This is not internet hype folks, this is real, I just experienced it personally. Moving right along, this gets worse.

Today I went to a (required) follow up appointment with my Arizona Family Practitioner. Since my white count was pretty high, the follow up was important. During the visit I shared the experience at emergency, and that I had refused to be admitted. His response was “I don’t blame you at all, I would have done the same thing”. He went on to say that the colonoscopy and other procedures are probably going to be dropped from coverage for those over 70.

I told him that I had heard that the affordable care act would no longer pay for cancer treatment for those 76 and older, is that true? His understanding is that it is true.

Obama care - Constitution 2a

The more I hear, and experience the Affordable Care Act, the more I’m beginning to see that we seniors are nothing more than an inconvenience, and the sooner they can get rid of us the better off they’ll be.

no to Obama care 1

November is coming folks, we can have an impact on this debacle by letting everyone in Congress know that their responsibility is to the constituents, not the president and not the lobbyists. We need to let them ALL know that they are in office to serve and to look after the BEST INTERESTS of “we the people”, their employers, and not to become self serving bureaucrats who serve only out of greed. And if they don’t seem to understand this simple logic, we’ll fire them.

On the mend, ..thank you.

Please remember, if you’re on Social Security and Medicare demand that your hospital admission is for a treatment,…

“NOT for OBSERVATION!”

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Going beyond what is provided in the Mesa, Arizona senior’s letter above, I am providing you with…

CENTERS FOR MEDICARE & MEDICAID SERVICES

Are You a Hospital Inpatient or Outpatient? …

If You Have Medicare – Ask!

Did you know that even if you stay in the hospital overnight, you might still be considered an “outpatient”?

Your hospital status (whether the hospital considers you an “inpatient” or “outpatient”) affects how much you pay for hospital services (like X-rays, drugs, and lab tests) and may also affect whether Medicare will cover care you get in a skilled nursing facility (SNF).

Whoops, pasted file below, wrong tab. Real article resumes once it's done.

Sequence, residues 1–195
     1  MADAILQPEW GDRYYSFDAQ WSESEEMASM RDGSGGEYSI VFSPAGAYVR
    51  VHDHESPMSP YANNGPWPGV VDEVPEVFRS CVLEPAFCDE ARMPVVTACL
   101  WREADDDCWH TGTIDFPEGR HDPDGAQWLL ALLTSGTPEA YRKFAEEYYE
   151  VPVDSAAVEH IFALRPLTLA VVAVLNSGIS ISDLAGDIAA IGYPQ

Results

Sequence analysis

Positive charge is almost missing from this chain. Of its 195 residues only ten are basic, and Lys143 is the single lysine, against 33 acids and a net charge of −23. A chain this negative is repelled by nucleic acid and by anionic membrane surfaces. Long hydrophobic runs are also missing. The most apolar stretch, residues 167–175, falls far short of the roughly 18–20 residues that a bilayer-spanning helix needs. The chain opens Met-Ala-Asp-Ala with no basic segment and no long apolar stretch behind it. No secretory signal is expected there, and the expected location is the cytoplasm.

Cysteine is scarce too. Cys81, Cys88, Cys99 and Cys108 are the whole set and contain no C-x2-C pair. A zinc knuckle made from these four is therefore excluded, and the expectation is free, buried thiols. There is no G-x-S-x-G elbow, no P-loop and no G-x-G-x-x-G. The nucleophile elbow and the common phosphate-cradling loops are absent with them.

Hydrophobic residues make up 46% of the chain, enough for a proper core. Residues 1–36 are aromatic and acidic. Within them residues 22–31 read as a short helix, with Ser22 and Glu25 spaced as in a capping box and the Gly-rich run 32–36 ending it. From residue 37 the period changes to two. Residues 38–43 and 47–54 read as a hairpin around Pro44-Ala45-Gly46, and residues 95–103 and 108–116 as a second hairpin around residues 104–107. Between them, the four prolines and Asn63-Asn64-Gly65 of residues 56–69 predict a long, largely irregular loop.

You’re an inpatient starting the day you’re formally admitted to the hospital withal doctor’s order. The day before you’re discharged is your last inpatient day.

You’re an outpatient if you’re getting emergency department services, observation services, outpatient surgery, lab tests, or X-rays, and the doctor hasn’t written an order to admit you to the hospital as an inpatient. In these cases, you’re an outpatient even if you spend the night at the hospital.

Note: Observation services are hospital outpatient services given to help the doctor decide if the patient needs to be admitted as an inpatient or can be discharged. Observation services may be given in the Emergency Department (ED) or another area of the hospital.

If you’re in the hospital for more than a few hours always ask your doctor or the hospital staff if you’re an inpatient or an outpatient.

If you have a Medicare advantage plan, (an HMO or PPO), cost and coverage may be different. Check with your plan.

What do (you) pay as an inpatient?

Medicare Part A (Hospital Insurance) covers inpatient hospital services. Generally this means you pay a one-time deductible for all of your hospital services for the first 60 days you’re in the hospital.

Medicare Part B (Medical Insurance) covers most of your doctor services when you’re an inpatient. You pay 20% of the Medicare-approved amount for doctor services after paying the Part B deductible.

What do (you) pay as an outpatient?

Medicare Part B covers outpatient hospital services. Generally, this means you pay a copayment for each individual outpatient hospital service. This amount may vary by service.

Note: The copayment for a single outpatient hospital service can’t be more than the inpatient hospital deductible.

However, your total copayment for all outpatient services may be more than the inpatient hospital deductible.

Part B also covers most of your doctor services when you’re a hospital outpatient. You pay 20% of the Medicare-approved amount after you pay the Part B deductible.

Generally the prescription and over-the-counter drugs you get in an outpatient setting (like an emergency department), sometimes called “self-administered drugs,” aren’t covered by Part B.

Also, for safety reasons, many hospitals have policies that don’t allow patients to bring prescription or other drugs from home.

If you have Medicare prescription drug coverage (Part D), these drugs may be covered under certain circumstances.

You likely will need to pay out-of-pocket for these drugs and submit a claim to your drug plan for a refund.

Call your plan for more information.

For more detailed information on how Medicare covers hospital services, including premiums, deductibles, and copayments, visitwww.medicare.gov/publications to view the “Medicare & You” handbook.

You can also call 1-800-MEDICARE (1-800-633-4227). TTY users should call1-877-486-2048.

Truth forges understanding, I’ll be back…

Crusader Rabbit Logo - COLOR 1a

Crusader Rabbit…